Like a stripped down Whole Foods cafeteria.
Except Native Foods Café has cash registers by the entrance and runners delivering its faux-meat comfort dishes. And--Is that the faint smell of vegetable musk?
Native Foods is vegan-no meat, no dairy, no eggs. It’s a franchise from Palm Springs now found in Chicago, Portland, Boulder and SoCal pockets where a steak sandwich might be expected to show compassion toward animals.
At San Diego County’s first Native Foods, in a shopping plaza in Encinitas, you’ll find the signature Bistro Steak Sandwich ($9.95): Subbing for beef is seitan--a protein-rich, wheat-gluten product that’s thinly sliced, seared and stacked on a baguette here. On a recent dip into the café, the cashier talked me out of getting that sandwich.
“It’s just a LOT of seitan.”
So I ordered the Portobello and Sausage Burger (a sheet of house-made seitan simulates sausage), plus the Native Chicken Wings and a dairy-free carrot cupcake. Then I settled into a table to take in the spartan dining room.
Painted above a semi-open kitchen is Native Foods’ motto: “In photosynthesis we trust.” Cookbooks by Native Foods’ founder Tanya Petrovna rested near the dessert display case. And the clientele that night could appear in a “Portlandia” skit: Above 40; with sensible shoes, nubby fleeces and graying pony tails (even the men).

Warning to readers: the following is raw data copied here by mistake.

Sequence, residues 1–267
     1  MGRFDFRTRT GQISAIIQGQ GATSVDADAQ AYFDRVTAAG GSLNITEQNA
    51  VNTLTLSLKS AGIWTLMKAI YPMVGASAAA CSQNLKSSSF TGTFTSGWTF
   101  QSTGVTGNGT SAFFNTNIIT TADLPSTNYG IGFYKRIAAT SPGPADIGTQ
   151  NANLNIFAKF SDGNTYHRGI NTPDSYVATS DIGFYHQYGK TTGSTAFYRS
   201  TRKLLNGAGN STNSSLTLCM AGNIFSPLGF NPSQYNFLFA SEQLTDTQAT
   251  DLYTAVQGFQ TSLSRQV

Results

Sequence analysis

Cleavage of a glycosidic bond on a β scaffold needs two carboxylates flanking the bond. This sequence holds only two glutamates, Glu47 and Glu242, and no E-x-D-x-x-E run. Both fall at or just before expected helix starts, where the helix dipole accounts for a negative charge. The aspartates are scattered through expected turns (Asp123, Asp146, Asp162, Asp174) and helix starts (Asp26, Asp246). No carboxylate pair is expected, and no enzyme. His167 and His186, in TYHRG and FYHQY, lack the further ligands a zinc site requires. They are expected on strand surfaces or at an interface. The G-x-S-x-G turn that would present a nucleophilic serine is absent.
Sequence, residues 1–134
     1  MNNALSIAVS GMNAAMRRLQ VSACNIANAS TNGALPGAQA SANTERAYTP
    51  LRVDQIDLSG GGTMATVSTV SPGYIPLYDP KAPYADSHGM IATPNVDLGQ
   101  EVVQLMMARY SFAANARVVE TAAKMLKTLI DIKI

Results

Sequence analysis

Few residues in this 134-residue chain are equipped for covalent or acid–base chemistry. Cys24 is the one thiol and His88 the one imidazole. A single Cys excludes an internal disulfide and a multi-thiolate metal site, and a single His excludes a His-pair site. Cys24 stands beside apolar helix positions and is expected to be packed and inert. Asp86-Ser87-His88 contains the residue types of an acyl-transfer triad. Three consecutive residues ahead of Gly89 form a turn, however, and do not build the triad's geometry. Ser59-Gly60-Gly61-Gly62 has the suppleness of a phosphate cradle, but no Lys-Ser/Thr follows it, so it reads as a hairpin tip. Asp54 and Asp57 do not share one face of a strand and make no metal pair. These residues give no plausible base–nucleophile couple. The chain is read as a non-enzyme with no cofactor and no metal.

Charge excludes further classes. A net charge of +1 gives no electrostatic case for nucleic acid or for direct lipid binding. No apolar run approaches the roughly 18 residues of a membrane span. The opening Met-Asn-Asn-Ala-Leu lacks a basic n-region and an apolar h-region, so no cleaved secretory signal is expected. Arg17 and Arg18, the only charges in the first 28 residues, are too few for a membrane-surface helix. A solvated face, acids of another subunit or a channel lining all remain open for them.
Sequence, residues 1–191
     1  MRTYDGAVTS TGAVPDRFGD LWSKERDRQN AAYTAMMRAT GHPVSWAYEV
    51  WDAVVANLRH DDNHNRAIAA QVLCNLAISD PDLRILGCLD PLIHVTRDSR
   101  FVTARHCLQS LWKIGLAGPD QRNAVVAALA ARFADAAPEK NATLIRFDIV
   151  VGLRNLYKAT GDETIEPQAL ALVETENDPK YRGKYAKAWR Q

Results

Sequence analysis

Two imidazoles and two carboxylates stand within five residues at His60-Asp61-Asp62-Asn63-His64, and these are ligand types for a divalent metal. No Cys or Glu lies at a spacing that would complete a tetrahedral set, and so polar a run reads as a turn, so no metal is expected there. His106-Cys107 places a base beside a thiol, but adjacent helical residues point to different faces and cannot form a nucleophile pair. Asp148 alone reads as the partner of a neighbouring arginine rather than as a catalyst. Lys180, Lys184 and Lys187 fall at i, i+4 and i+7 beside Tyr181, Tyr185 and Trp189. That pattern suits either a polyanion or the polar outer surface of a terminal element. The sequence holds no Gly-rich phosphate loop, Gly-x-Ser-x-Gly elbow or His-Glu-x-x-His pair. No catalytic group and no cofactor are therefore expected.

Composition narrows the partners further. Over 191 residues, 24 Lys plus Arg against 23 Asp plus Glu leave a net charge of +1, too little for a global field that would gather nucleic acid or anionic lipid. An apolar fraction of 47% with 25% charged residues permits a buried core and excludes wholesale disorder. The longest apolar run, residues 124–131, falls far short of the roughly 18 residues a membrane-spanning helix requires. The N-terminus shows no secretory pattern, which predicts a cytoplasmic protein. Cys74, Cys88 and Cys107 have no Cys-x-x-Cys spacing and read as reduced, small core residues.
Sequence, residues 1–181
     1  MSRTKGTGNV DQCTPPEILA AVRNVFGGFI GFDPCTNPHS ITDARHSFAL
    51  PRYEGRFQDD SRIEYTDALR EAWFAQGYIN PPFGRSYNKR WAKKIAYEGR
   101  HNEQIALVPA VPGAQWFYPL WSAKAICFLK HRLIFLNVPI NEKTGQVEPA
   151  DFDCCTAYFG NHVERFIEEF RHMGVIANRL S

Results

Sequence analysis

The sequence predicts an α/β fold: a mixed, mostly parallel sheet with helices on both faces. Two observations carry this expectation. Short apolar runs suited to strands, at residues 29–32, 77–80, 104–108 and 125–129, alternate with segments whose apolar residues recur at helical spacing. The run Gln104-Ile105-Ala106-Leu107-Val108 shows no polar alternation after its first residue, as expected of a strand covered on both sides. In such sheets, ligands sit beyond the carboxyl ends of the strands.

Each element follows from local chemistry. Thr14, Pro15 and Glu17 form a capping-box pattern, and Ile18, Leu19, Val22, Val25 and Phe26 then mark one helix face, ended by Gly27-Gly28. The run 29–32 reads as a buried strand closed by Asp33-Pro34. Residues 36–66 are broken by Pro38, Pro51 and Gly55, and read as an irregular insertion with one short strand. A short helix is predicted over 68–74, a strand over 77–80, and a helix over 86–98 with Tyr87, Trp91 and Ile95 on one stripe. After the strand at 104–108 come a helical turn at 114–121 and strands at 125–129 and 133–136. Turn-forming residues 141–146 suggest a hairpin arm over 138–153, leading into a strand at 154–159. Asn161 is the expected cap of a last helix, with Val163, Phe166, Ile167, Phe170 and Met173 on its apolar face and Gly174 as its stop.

My dinner soon arrived. Disclosure: I’m an omnivore, and I think the dilemma with most faux meat is it’s usually an awful parody of real meat. Also, it seems perverse to call the practice of killing animals for food cruel, and still pay homage to animal meats on vegan menus. Why does Native Foods feel the need to do a “Classic Deli Reuben” (seitan in place of corned beef)? To indulge the phantom cravings of a former carnivore? To convert current ones?
For the Chicken Wings, Native batters and fries tubes made of free-range soy, wheat and pea protein.
Ignoring the shape for a sec (wings=tubes?), these vegan sticks had the plumpness of white chicken meat. Inside the hot crispy golden crust I found layers and tatters of satisfying flavor. Think chicken tenders...but without the chicken murdering guilt. Only toward the finish of each wing bite do you get a hint of soybean curd.
I’ll make my issue with the Portobello and Sausage Burger quick: sliced mushrooms, ribbons of romaine lettuce, a smoky patty of seitan, sweet condiments (roasted garlic, creamy pumpkin-seed pesto and mayo) and cubes of flat, mealy tomatoes in the salsa pomodoro topping.
All these liquidy things soak through the whole grain buns (whole portobellos might improve the situation). But for $9.95 (sides like sweet potato fries are $1.95 extra) I kinda expect a burger beyond criticism, be it animal or plant-based.
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Read more food news from Keli Dailey on utsandiego.com